Thank you to the coaches of Bradley sports, who have all given me valuable minutes of their time to talk, whether it was after a big win or a tough loss. I specifically want to shout out baseball head coach Elvis Dominguez, as our interviews – which often turned into casual conversations – were always one of the highlights of my week.

Thank you to the athletes at Bradley for telling your stories to me. I’m a believer that a great story is not great because of the person who wrote it; it is great because of the athletes behind it. A lot of you have had extraordinary journeys both within and outside your sport and your voice deserves to be heard. I understand that anybody can tell their own stories and give their own opinions without the need for a journalist nowadays and I hope that I have earned your trust.

Thank you to the sports information directors in the athletic department — Bobby Parker, Jason Veniskey, Jim Rea and Josh Schwam — for the work you put in to assist me as well as the other Scout sports writers, especially in arranging interviews. You all have provided answers to my questions at least one time or another, and the things you do behind the scenes have not gone unnoticed by The Scout.

Thank you to my peers Larry Larson and Joey Wright for bringing me on board as a sports editor. The amount of things that I have learned from both of you as I develop professionally is countless, and I would not be where I am today without these two fellas from Belvidere and Urbana, respectively. I’m sad that you both are graduating shortly, but I’m very eager to see you fly even higher than a Sky Carp out in the real world.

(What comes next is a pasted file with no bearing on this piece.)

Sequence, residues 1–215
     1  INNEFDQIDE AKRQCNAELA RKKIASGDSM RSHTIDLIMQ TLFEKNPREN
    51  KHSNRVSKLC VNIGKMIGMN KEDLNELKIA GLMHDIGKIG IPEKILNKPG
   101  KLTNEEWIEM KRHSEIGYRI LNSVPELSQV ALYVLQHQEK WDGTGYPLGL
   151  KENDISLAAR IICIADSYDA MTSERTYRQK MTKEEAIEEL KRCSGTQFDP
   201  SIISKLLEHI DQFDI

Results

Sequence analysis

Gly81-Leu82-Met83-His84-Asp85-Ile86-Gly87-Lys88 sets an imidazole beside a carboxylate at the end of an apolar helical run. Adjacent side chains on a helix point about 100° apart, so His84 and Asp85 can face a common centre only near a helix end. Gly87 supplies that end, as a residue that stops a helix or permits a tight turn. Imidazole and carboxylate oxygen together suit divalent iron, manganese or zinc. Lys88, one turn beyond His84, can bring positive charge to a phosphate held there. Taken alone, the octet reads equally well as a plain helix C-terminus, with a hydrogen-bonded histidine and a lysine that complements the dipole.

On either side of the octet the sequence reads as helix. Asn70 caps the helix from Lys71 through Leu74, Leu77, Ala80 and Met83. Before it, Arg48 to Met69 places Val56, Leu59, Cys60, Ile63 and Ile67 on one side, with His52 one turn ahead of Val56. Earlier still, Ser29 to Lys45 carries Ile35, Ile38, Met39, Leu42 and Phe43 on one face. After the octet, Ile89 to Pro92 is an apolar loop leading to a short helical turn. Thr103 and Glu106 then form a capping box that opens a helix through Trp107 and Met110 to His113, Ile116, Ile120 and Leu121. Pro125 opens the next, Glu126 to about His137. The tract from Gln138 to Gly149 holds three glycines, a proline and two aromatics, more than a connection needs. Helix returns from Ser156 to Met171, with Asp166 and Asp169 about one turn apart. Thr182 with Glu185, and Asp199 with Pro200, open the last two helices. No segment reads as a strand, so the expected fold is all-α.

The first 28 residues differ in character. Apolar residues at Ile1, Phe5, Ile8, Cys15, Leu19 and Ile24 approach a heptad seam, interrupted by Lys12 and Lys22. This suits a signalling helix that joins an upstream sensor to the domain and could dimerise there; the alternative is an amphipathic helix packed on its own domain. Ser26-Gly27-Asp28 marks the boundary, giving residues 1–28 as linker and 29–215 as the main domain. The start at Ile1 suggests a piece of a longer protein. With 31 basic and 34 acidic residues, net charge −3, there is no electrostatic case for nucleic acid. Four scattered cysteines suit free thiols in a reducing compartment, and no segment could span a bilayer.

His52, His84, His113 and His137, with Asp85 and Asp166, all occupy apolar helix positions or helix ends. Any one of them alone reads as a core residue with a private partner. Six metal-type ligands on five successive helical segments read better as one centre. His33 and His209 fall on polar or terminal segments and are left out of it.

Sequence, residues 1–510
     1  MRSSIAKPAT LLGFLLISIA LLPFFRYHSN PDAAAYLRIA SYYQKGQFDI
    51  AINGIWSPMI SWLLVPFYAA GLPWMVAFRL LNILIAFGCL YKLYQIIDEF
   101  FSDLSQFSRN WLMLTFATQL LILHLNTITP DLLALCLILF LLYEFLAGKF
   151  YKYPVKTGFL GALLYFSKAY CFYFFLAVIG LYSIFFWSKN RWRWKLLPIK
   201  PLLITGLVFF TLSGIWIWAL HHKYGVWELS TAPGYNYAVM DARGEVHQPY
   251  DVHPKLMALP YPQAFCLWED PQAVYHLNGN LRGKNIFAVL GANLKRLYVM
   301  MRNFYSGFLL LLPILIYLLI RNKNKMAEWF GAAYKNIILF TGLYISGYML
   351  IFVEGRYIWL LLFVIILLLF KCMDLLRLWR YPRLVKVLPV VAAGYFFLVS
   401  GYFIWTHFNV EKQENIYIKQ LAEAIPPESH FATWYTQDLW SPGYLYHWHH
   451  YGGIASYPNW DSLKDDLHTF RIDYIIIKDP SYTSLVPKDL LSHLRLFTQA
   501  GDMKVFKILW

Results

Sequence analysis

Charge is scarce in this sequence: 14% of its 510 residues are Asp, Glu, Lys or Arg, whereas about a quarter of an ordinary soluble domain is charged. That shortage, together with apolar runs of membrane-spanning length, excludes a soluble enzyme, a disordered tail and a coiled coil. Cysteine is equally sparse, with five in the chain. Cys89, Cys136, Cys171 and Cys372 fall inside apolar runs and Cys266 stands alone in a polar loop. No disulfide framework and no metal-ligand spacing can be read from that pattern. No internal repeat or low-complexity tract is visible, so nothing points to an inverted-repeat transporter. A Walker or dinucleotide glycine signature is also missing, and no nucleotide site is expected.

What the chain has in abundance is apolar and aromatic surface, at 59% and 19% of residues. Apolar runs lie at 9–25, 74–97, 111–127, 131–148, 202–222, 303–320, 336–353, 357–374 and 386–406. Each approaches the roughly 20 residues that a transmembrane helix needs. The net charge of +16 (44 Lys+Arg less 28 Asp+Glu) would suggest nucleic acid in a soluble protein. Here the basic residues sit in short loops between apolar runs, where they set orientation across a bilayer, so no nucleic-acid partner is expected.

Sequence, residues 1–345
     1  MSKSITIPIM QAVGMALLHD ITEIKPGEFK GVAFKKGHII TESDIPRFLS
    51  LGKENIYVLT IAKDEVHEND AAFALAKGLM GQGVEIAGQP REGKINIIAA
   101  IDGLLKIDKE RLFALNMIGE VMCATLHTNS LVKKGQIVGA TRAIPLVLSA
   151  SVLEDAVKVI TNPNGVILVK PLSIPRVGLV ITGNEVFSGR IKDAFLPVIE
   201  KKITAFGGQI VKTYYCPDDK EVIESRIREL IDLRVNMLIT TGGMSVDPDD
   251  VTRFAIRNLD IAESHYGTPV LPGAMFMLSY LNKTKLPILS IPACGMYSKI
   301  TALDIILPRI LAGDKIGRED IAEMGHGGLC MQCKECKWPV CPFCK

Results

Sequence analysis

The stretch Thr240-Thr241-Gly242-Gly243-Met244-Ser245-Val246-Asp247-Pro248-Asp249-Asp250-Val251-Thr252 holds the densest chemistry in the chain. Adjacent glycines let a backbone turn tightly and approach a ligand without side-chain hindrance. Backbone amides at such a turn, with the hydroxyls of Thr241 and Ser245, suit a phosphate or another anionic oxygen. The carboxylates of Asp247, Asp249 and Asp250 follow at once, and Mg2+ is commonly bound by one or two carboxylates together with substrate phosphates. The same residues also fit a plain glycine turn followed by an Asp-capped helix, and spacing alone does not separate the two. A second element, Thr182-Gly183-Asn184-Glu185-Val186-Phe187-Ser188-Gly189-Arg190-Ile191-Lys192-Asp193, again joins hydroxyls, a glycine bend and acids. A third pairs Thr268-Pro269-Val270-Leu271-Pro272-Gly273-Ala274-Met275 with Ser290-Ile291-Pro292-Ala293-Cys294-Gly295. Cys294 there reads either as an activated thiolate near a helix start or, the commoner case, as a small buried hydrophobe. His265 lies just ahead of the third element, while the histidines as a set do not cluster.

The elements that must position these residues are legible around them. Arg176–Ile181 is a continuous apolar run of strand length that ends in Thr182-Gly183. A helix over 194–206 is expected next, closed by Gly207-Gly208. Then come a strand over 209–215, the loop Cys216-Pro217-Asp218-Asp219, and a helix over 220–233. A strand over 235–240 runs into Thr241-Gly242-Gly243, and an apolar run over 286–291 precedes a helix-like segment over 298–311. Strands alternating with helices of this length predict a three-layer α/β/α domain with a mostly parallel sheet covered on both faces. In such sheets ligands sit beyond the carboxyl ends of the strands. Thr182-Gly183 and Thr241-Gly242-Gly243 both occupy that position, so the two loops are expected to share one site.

Thank you to the Bradley fanbase and the readers of my stories. If what I write only sees a few sets of eyes, that is all I can ask for. I’ll still be at Carver Arena and Renaissance Coliseum to cover some Bradley basketball action for the upcoming season, but I’ll be accompanied by a few other Scout sports writers who have earned their time to shine.

With that being said, I want to say a final thank you to the other sports writers at The Scout for making my position as sports co-editor as enjoyable as can be. Watching all of you progress in the quality of your articles each week has made me immensely happy and proud. As someone who enjoys being around people, I highly value the camaraderie we share. Angeline Schmelzer, The Scout’s 2021-22 editor-in-chief, also deserves some recognition for trusting me to help lead Bradley’s 124-year-old campus newspaper going forward into next semester. I still don’t know what she was thinking.

It’s about time this column stops reading like the transcript of a speech at the ESPYs. However, as I transition into my new role as co-editor in chief of The Scout (a daunting task for someone who’s worked in the “toy department” of a newspaper), there’s nothing I wanted to say more than that although my resume says I’m a sports journalist, I would be nothing without all of these people.

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The Scout is published by members of the student body of Bradley University. Opinions expressed do not necessarily reflect those of the University.